And to further promote solar over nuclear, there is practility no local small business component to the nuclear industry. Nuclear also propagates the “big plant” mind set that wastes giga watts of electricity for every meter of powerline that the electricity has to travel from the plant to its end use. No nuclear waste, no carbon emmissions, no terrorist threat, and the potential to support an entire industry of solar manufacturers, retailers, and installers. The choice is simple: Go Solar.

Comment by Sean Campbell on October 27, 2009 12:28 pm

my car ran out of gas, so I parked it in the sun for 3 hours, still wont start. solar power is a scam.

Comment by Terry on October 27, 2009 4:48 pm

Sorry you ran out of gas, sounds like you where trying to use the wrong technology at the wrong time, see I have have solar panels on my house, they sit in the sun all day, and my utility company owes me money, no scam just clean energy.

Comment by Dr. Stephen A. Smith on October 27, 2009 5:07 pm

I think Solar is a great way to “reduce” conventional energy demand but this Arcadia Florida system is nowheres near “saving” anybody money. They need to be honest about that.

This system cost $150 million and can supply 3,000 homes, only during the day light hours,
so that actually cut’s the demand to just 1,500 homes full time, divide the $150M by 1,500 users and that’s a cost of $100K per user,
divide that by the 25 year life cycle of these Solar Panels and you’ve got $4,000 a year operating cost per user.

4,000 ÷ 12 months = $333.33 a month electric bill just to break even, not counting costs of their maintenance or billing services. (Right now FPL claims their average users bill is $109 a month.)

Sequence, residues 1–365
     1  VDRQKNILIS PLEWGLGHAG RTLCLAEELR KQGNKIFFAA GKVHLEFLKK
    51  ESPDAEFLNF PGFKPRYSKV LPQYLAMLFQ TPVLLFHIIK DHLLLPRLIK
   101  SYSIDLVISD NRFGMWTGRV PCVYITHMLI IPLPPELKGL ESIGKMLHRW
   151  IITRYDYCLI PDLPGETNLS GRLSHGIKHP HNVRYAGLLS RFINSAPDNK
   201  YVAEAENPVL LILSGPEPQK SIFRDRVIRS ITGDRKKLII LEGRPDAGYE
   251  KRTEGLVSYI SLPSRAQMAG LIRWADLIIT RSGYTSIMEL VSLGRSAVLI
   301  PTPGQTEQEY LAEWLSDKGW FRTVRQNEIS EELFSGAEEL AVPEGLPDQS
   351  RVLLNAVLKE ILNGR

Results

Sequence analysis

This calculation only illustrates that there is no real “savings”, That is why FPL is actually charging “all” their customers for building these Solar grids to hide the true cost/loss ratio.

‘PSC will let FPL pass costs of solar projects to customers’ July 15, 2008

“The Florida Public Service Commission took the first step today in approving three Florida Power & Light Co. solar energy projects estimated to cost $688 million.”

“That means customers who use 1,000 kilowatt-hours would pay about 83 cents more on their monthly bills in 2011 and 31 cents more over the first 25 years the plants are operating.”

Comment by Maxwells on October 28, 2009 12:20 am

Solar and Wind are the future, but this system in Arcadia is not saving money as they claim.

How is charging consumers three times more to use this Solar grid better? That’s not the Future that’s rushing in to be First at any expense and then passing the cost along to the consumer.

For $150M they could’ve equiped 3700 homes with full time Solar Systems (@40k ea), or equip Schools and Government offices and removed that demand from the grid entirely and save Taxpayers some of the costs for operating these facilities as well.

That would be a great start, not exaggerating the benefits to a system that’s costing three times more to operate.

Comment by Maxwells on October 28, 2009 12:22 am

Solar works best when it’s “distributed.” That’s when folks like you and I are generating power and selling the excess back to the grid.

Comment by kevin on October 30, 2009 9:01 am